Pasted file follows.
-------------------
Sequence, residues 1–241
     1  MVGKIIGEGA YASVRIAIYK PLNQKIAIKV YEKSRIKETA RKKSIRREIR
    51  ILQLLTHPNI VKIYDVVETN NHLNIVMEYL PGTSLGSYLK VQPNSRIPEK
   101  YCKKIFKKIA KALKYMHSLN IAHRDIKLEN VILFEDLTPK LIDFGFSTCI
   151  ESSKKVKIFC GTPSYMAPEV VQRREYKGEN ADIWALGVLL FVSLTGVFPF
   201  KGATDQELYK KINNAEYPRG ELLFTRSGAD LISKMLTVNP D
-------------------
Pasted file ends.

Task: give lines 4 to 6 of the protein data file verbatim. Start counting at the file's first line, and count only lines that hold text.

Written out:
   101  YCKKIFKKIA KALKYMHSLN IAHRDIKLEN VILFEDLTPK LIDFGFSTCI
   151  ESSKKVKIFC GTPSYMAPEV VQRREYKGEN ADIWALGVLL FVSLTGVFPF
   201  KGATDQELYK KINNAEYPRG ELLFTRSGAD LISKMLTVNP D